Couponing 101: How Can You Tell When a Coupon is Copied?

Couponing 101: How Can You Tell When a Coupon is Copied?

Couponing 101: How Can You Tell When a Coupon is Copied?




Posted on October 17, 2011 at 3:05 PM

Updated Monday, Oct 17 at 3:04 PM

In every single workshop I teach, I always find someone who has been copying coupons. Most of the time they do not realize that copying a coupon is illegal and that stores are not reimbursed for copied coupons either. I think one of the biggest mistakes people make is thinking 'well, if it goes through the register then it must be fine.' The truth is that the register is not the deciding factor, it is the coupon clearinghouse that decides whether a coupon is reimbursed or not.

All coupons turned into a store go to a clearinghouse. The job of the clearinghouse is to match those coupons up with purchases made at the store. If the coupons are legit and the correct purchases have been made then that store is reimbursed for the coupon plus shipping and handling.

What does that have to do with copying coupons? If a coupon is copied, the clearinghouse will not allow that coupon to be reimbursed thus meaning the store loses money on your coupon. A $1 loss may not seem like a big deal but start multiplying that by the hundreds and even thousands of copied coupons and then we're talking about mega money. When stores lose money they change their policies and it hurts all of us.

The coupon above is a real, printable coupon (not the best picture, I know). This morning, one of our Facebook fans said her local Walmart accused her of copying coupons that she was trying to use from She then asked how a store could tell if a coupon has been copied or not. There are few ways:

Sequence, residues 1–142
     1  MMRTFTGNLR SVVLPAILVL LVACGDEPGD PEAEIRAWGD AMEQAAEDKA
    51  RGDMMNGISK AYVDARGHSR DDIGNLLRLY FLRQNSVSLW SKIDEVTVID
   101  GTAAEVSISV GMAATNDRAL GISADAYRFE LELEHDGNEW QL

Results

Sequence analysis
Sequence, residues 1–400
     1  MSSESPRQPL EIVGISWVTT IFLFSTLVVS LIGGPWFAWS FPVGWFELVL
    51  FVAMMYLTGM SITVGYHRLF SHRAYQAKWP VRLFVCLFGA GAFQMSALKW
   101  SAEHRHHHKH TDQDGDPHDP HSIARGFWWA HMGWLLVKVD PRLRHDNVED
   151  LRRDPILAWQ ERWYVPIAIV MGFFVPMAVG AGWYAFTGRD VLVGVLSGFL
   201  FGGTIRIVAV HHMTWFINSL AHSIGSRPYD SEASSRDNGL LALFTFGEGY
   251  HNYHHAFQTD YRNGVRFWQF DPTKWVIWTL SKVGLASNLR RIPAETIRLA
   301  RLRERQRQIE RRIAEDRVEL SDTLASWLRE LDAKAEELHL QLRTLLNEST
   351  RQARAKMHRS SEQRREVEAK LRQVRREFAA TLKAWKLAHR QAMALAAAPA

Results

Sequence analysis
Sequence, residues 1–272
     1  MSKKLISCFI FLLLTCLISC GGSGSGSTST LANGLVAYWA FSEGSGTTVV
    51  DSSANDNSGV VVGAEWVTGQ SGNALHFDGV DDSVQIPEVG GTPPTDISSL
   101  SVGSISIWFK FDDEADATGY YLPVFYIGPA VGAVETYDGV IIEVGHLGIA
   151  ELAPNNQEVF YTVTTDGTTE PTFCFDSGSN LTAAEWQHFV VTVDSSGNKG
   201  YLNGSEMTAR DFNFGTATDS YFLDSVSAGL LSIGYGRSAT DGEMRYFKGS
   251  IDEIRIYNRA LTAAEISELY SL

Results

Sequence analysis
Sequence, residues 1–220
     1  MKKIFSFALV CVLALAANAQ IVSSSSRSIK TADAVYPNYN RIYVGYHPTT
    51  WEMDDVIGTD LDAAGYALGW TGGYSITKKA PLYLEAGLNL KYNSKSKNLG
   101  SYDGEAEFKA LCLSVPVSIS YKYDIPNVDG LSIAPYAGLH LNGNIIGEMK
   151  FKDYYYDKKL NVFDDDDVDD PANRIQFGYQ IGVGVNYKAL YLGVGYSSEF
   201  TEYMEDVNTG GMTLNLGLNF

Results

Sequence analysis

• On a real, printed coupon, there is a watermark visible behind the savings amount. In the example above, you'll see Save .75 but behind that is the Dove watermark.
  • Behind the expiration date, there is a pattern of circles, that pattern is designed to prevent any alteration.
  • Each coupon has an encrypted serial number, that number is supposed to change with each print. (Although, some websites do not offer this service.)
  • Printed coupons are usually limited to 2 per computer so if you hand a cashier a stack of 20 printed coupons and all are the same, I would say that is a red flag. Likely, your coupons will be denied because more often than not, they are copies.

The bottom line here is, if you would not open a register and steal money out of it then don't copy your coupons and do not use fraudulent coupons. Both are theft and are a criminal offense. Punishment for the photocopying of coupons and use of fraudulent coupons includes the following:

As of this date,
Longest prison sentence: 17 years
Highest financial penalty: $5 million
Prison sentences of three to five years are not uncommon. Financial penalties generally vary, but have often been in excess of $200,000.

With the buzz of Extreme Couponing, more and more people have turned to making copies and also the use of fraudulent coupons. Again, this practice hurts every single one of us and ultimately will hurt yourself as well. It is not worth spending 17 years in prison to save $1.

Always make sure you are printing your coupons from a reliable source and never purchase internet coupons (they are often fake). Using coupons ethically will ensure savings for the long term and give stores an appreciation for couponers again.

Check the list of Fraudulent Coupons

Check Your Coupon on

Learn How to Recognize Fake Coupons